Carl Hetu.

It’s back to future as Hetu returns to Development and Peace

  • February 11, 2022

The man who grew the Catholic Near East Welfare Association in Canada from zero to more than $5 million a year in donations is taking the helm at Canada’s Catholic development agency.

Carl Hetu becomes executive director of Development and Peace - Caritas Canada Feb. 14. Hetu leaves behind an organization he nurtured from the ground up beginning in 2004.

He returns to Development and Peace, where he worked as an Ontario animator for the 10,000-plus members of the solidarity organization from 1990 to 2004. In his previous tour of duty at Development and Peace, Hetu was responsible for cultivating relationships with clergy and organizing membership initiatives. He visited Peru on a solidarity trip with members and took part in a fact-finding mission to Colombia.

He returns to a somewhat embattled and smaller organization which has fought through social media campaigns targeting it with accusations of collaborating with pro-abortion partners in Latin America and Africa that led to an investigation of Development and Peace by the Canadian Conference of Catholic Bishops. Waves of accusations and the organization’s response to them degraded the trust bishops had in Development and Peace.

“Let’s be honest, the last few years there’s been a lot of adaptation between the bishops and Development and Peace,” Hetu told The Catholic Register.

Hetu regards the reputational issues as yesterday’s news and trumpets the new relationship with the bishops, which now appoints four bishops to sit on the governing council.

“I think now we have a very good base to really move on to the next step and follow the path that Pope Francis has laid in front of us,” Hetu said.

Hetu’s first public act on accepting the post was to write to Development and Peace members and donors.

“This is a crucial time for us Catholics to be part of the solution,” he wrote.

The explosion of refugees and migrants, fuelled by war and climate change over the last two decades, political systems that marginalize and exclude vulnerable people and the decline in democratic institutions around the world call Development and Peace to action, Hetu told members.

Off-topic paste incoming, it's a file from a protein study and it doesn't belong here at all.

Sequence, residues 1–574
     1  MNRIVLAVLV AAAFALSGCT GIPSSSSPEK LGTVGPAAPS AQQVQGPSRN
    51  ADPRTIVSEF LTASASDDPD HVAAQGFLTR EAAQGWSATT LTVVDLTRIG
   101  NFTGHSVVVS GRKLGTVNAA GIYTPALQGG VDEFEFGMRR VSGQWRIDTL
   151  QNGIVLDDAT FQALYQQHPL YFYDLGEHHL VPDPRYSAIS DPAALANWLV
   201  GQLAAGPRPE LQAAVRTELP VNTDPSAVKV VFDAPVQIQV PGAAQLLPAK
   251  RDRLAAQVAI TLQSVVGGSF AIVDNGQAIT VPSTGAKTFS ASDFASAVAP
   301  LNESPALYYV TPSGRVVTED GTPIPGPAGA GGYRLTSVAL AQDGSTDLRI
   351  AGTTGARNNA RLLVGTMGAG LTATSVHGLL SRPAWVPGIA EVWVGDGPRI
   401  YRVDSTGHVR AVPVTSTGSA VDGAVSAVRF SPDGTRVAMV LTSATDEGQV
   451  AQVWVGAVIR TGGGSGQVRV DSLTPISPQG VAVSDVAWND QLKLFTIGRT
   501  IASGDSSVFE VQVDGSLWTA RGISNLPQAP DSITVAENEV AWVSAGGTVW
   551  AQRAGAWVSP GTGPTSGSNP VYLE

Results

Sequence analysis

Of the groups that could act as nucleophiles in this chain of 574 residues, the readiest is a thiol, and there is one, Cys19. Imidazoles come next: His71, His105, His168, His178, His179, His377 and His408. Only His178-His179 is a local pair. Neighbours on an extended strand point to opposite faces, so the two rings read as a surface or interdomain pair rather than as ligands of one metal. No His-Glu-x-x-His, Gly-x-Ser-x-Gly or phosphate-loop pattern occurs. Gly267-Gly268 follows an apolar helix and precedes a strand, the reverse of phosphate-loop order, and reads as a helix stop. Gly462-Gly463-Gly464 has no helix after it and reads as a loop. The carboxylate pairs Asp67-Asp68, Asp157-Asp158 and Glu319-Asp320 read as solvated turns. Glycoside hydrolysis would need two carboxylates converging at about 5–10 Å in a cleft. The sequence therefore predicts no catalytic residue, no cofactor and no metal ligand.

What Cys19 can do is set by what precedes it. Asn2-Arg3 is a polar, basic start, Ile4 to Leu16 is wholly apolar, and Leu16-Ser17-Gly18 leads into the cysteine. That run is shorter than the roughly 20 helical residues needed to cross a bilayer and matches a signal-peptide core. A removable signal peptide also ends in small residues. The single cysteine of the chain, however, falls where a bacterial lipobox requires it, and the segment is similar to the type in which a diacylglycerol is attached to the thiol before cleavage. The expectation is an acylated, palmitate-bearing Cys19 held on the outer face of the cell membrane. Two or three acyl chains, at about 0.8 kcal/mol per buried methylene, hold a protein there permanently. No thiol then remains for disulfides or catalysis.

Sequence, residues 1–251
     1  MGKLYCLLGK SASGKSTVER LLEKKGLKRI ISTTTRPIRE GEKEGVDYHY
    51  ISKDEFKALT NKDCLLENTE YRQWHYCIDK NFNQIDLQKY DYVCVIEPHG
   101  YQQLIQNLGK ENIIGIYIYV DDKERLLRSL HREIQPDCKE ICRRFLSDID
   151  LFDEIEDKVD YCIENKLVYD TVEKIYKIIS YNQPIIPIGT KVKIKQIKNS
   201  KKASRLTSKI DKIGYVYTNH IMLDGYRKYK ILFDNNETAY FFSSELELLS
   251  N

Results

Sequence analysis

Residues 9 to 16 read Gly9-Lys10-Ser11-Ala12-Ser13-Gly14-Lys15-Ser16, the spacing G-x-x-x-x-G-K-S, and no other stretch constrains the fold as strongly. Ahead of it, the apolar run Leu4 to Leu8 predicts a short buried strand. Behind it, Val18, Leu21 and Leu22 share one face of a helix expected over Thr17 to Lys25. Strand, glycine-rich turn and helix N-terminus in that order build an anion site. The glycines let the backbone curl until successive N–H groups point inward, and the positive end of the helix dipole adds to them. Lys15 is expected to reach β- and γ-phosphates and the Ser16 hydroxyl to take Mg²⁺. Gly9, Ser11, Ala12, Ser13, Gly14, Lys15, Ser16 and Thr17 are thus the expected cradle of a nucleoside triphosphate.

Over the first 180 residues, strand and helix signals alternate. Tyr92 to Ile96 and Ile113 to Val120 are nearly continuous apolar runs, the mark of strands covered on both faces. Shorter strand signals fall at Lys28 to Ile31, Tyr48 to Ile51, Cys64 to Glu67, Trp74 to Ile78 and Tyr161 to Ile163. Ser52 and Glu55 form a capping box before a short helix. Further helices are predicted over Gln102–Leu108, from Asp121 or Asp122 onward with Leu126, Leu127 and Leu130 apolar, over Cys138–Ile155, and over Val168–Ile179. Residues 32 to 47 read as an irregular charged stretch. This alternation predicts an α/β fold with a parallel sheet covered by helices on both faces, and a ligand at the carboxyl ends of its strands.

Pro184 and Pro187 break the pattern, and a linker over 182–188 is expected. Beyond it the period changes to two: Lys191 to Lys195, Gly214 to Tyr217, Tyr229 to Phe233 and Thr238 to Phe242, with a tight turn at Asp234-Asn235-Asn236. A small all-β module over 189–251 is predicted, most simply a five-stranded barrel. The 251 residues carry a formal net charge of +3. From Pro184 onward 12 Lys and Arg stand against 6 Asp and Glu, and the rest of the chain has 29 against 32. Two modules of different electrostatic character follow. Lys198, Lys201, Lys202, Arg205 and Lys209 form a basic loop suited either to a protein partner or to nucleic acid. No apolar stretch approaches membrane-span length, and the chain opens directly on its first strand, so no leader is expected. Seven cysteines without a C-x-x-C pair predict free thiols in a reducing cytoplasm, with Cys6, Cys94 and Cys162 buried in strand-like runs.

Development and Peace’s Catholic identity is its greatest asset, said Hetu.

“You show that the Gospel is alive when you show that the teachings of the Church are alive. That affects people,” he said.

The Catholic identity of Development and Peace has to be apparent in the work it does in 30 countries around the world, he said.

“People are not supporting Development and Peace just because it’s a Catholic organization. It’s because it has an important mission,” he said.

The 54-year history of Development and Peace, which was one of the first fruits of the Second Vatican Council in Canada, is an asset, said Hetu.

“The organization has been well established, well known from one generation to another,” he said. “It has grown over the years to really become what it should be.”

For Development and Peace, the Synod on Synodality and the the ground-breaking 2015 encyclical Laudato Si’ will guide the work over coming years.

“The Pope is inviting us to reflect on who we are, how we do things — to move outside of our church basements and reach out to people, to spread the word, the Gospel, to act where there are needs,” he said.

Development and Peace general council president Brenda Arakaza welcomed Hetu back.

“We know your deep commitment to justice and solidarity and are confident in what lies ahead,” Arakaza said in a release.

“We can be sure of leaving a positive, long-lasting impact, both materially and spiritually, on people around the world and in Canada.”

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